### Perl Weekly Challenge: Week 48

This weeks challenges were fairly easy so my notes will be brief.

#### Challenge 1:

Survivor

There are 50 people standing in a circle in position 1 to 50. The person standing at position 1 has a sword. He kills the next person i.e. standing at position 2 and pass on the sword to the immediate next i.e. person standing at position 3. Now the person at position 3 does the same and it goes on until only one survives.

Write a script to find out the survivor.

At first glance it seems like this task could be disposed of with simple incrementation. Find the person with the sword, kill the next person, give the sword to the next person, kill the next person after him and so on. The gotcha is that as people get killed, "gaps" appear in the circle so finding the next person requires more than just an increment. Thus in my code I have `do ... until` loops that skip over "dead" members of the circle. (I.e. `@people` elements which are `undef`.)

``````my @people = (0 .. 49);

my \$remaining = scalar @people;
my \$next = 0;
my \$victim = 1;

while (\$remaining > 1) {
\$people[\$victim] = undef;
\$remaining--;
do {
\$next = (\$next + 1) % 50;
} until defined \$people[\$next];

\$victim = \$next;
do {
\$victim = (\$victim + 1) % 50;
} until defined \$people[\$victim];
}
``````

Once we are down to the last one standing, we know there will only be one defined element left in `@people` so we can find it by `grep()`ing for it and then printing it out. One pet peeve I have with perl is that if you `print()` or `say()` something which begins with a paranthesis, you get an annoying and unsightly warning about `say` (or `print`) being called as a function. You can disambiguate by putting a `+` in front but this shouldn't be necessary IMO. And we mustn't forget to add 1 to the result because our array started from o but the people identifiers start from 1.

``````say +(grep { defined \$_; } @people)[0] + 1;
``````

(Full code on Github.)

Here's the Raku version. It's pretty much a straight port from Perl. Instead of `do ... until` we say `repeat ... until` and instead of assigning `undef` to dead elements we use `Nil`.

``````multi sub MAIN() {
my @people = (0 .. 49);

my \$remaining = @people.elems;
my \$next = 0;
my \$victim = 1;

while \$remaining > 1 {
@people[\$victim] = Nil;
\$remaining--;
repeat {
\$next = (\$next + 1) % 50;
} until defined @people[\$next];

\$victim = \$next;
repeat {
\$victim = (\$victim + 1) % 50;
} until defined @people[\$victim];
}

say @people.grep({ defined \$_; })[0] + 1;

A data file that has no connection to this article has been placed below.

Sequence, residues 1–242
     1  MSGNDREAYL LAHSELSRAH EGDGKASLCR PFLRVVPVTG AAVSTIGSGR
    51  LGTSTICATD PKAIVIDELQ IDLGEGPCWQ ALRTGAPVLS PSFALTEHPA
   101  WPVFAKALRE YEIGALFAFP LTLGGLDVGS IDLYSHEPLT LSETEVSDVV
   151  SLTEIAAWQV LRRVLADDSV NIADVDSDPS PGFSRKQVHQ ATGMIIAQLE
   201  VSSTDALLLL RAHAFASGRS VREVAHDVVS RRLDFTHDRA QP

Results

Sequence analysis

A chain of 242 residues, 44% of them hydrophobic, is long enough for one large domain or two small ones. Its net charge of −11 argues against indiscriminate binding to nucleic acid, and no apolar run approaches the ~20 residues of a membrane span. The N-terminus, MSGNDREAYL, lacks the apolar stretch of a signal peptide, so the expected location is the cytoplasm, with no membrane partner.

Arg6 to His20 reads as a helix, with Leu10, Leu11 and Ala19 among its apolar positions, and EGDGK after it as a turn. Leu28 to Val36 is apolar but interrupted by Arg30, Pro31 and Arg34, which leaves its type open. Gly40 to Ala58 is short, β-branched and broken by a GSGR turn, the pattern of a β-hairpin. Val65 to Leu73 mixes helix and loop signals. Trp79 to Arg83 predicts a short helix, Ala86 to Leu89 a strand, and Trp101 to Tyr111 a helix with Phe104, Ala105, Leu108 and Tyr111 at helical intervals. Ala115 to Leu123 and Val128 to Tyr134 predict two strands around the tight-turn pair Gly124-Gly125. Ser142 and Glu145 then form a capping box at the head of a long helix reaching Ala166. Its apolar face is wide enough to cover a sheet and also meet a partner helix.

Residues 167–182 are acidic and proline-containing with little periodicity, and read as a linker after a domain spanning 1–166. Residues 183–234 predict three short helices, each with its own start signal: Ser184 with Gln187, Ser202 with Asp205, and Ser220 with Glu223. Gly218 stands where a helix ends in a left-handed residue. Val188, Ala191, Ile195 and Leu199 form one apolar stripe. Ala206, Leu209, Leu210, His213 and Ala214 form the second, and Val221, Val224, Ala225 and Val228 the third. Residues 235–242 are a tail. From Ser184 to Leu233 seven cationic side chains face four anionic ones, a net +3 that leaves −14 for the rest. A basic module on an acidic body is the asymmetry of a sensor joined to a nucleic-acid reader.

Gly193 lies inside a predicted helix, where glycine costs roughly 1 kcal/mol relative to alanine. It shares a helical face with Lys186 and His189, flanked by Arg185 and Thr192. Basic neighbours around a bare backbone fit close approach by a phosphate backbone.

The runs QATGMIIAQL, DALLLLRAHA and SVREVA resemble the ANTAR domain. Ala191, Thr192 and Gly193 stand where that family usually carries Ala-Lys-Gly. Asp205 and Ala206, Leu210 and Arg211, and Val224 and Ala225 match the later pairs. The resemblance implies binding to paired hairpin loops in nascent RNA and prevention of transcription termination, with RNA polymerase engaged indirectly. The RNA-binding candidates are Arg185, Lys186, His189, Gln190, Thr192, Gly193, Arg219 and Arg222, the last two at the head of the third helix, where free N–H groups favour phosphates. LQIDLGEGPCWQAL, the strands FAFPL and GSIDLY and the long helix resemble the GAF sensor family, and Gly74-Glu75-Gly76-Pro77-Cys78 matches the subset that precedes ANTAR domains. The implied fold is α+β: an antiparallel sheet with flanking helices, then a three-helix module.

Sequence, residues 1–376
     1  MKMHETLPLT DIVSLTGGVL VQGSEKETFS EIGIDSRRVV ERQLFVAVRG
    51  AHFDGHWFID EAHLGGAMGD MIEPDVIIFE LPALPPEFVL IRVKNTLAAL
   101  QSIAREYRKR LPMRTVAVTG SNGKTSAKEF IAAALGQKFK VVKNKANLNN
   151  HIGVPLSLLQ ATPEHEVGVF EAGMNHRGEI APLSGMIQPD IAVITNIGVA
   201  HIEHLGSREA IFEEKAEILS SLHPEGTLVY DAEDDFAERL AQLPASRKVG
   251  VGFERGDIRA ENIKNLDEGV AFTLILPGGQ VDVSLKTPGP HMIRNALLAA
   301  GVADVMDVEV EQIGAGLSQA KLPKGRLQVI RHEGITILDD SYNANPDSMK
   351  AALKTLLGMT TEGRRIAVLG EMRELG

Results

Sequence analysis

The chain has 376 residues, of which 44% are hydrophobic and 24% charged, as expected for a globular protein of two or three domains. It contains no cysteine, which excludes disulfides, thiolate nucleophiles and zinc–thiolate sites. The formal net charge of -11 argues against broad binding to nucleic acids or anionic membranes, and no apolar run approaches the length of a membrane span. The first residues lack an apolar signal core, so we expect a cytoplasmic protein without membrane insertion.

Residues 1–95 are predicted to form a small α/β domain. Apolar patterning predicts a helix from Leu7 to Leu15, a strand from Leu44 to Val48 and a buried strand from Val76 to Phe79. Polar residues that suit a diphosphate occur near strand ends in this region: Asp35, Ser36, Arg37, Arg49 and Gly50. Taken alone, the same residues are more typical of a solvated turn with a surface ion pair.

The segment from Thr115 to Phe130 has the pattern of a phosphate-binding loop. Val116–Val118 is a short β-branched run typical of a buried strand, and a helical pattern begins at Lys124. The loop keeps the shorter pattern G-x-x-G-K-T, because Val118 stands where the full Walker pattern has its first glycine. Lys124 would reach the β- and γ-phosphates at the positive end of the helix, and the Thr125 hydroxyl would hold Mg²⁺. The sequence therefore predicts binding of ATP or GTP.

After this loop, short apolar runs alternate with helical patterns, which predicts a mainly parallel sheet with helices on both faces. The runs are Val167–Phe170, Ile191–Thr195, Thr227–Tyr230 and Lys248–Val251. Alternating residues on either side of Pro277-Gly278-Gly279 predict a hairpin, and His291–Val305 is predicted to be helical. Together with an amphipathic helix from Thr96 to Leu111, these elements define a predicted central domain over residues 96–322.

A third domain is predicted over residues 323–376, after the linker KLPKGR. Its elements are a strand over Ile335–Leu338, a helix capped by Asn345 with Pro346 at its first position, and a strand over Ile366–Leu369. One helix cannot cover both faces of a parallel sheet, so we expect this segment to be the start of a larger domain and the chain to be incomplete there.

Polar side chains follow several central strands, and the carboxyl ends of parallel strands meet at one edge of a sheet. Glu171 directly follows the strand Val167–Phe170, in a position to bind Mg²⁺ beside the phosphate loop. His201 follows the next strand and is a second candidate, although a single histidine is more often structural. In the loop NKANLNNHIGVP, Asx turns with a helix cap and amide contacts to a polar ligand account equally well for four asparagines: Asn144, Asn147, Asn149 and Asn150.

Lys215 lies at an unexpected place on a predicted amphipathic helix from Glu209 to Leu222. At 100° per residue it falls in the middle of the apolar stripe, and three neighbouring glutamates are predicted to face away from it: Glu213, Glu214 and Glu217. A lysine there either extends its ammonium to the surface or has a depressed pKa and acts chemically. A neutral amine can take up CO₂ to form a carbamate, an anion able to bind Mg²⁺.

}
``````

(Full code on Github.)

The survivor is person number 37.

#### Challenge 2:

Palindrome Dates

Write a script to print all Palindrome Dates between 2000 and 2999. The format of date is mmddyyyy. For example, the first one was on October 2, 2001 as it is represented as 10022001.

My first thought was to loop through all the 1000 years but then it occured to me that I could substantially reduce that number. The first two digits of the palindrome date, the month, can only range from 01 to 12. Therefore the last two digits of the year must be their reverse. Any other year cannot have a palindrome date. So I start by `grep()`ing out valid years.

``````my @years =
grep {
/ (?<year> \d\d) \$ /gmx;
grep { \$_ == \$+{year}} (10, 20, 30, 40, 50, 60 , 70, 80, 90, 1, 11, 21)
} (2000 .. 2999);

for my \$year (@years) {
``````

The month and the day will be the year in reverse. I used named capture groups to be able to easily identify these values when using them later.

``````    (reverse \$year) =~ / \A (?<month> \d\d) (?<day> \d\d) \z /gmx;
``````

At this point I was going to use the validation routines I've developed in previous challenges to make sure we have a true date but again a little reflection showed that it is not necessary. The first two digits of the year range from 20 to 29. Reversed, they will equal the day. But i.e. 92 is not a valid day; the maximum valid value is 31. So in practice, there will be no more palindrome dates after the 22nd century until the 30th century rolls around. The only valid values for day will be 2 (in the 20th century), 12 (in the 21st century), and 22 (in the 22nd century.) To simplify things, I just check if `\$day` is less than 23. If it is, it is a true palindrome date and it gets printed out.

``````    if (\$+{day} < 23) {
say join q{/}, (\$+{month}, \$+{day}, \$year);
}
}
``````

(Full code on Github.)

Again, the Raku version is just a straight port from Perl. In Raku, `reverse()` only works on lists. You have to use a strings `.flip()` method to reverse it.

``````my @years = (2000 .. 2999).grep({
/ \$<year> = (\d\d) \$ /;
(10, 20, 30, 40, 50, 60 , 70, 80, 90, 1, 11, 21).grep({ \$_ == \$/<year>})
});

for @years -> \$year {
\$year.flip ~~ / ^ \$<month> = (\d\d) \$<day> = (\d\d) \$ /;

if \$/<day> < 23 {
(\$/<month>, \$/<day>, \$year).join(q{/}).say;
}
}
``````

(Full code on Github.)

The palindrome dates are:

``````10/02/2001
01/02/2010
11/02/2011
02/02/2020
12/02/2021
03/02/2030
04/02/2040
05/02/2050
06/02/2060
07/02/2070
08/02/2080
09/02/2090
10/12/2101
01/12/2110
11/12/2111
02/12/2120
12/12/2121
03/12/2130
04/12/2140
05/12/2150
06/12/2160
07/12/2170
08/12/2180
09/12/2190
10/22/2201
01/22/2210
11/22/2211
02/22/2220
12/22/2221
03/22/2230
04/22/2240
05/22/2250
06/22/2260
07/22/2270
08/22/2280
09/22/2290
``````